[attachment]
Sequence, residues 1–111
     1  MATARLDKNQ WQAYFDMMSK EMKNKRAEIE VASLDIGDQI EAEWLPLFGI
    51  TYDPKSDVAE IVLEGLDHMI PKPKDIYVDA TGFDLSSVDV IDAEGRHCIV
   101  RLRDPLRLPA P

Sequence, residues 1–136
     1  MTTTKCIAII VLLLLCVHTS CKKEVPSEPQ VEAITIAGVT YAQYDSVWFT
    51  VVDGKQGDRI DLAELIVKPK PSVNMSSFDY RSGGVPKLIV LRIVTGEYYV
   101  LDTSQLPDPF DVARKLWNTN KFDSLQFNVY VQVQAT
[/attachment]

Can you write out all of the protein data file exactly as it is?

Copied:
Sequence, residues 1–111
     1  MATARLDKNQ WQAYFDMMSK EMKNKRAEIE VASLDIGDQI EAEWLPLFGI
    51  TYDPKSDVAE IVLEGLDHMI PKPKDIYVDA TGFDLSSVDV IDAEGRHCIV
   101  RLRDPLRLPA P

Sequence, residues 1–136
     1  MTTTKCIAII VLLLLCVHTS CKKEVPSEPQ VEAITIAGVT YAQYDSVWFT
    51  VVDGKQGDRI DLAELIVKPK PSVNMSSFDY RSGGVPKLIV LRIVTGEYYV
   101  LDTSQLPDPF DVARKLWNTN KFDSLQFNVY VQVQAT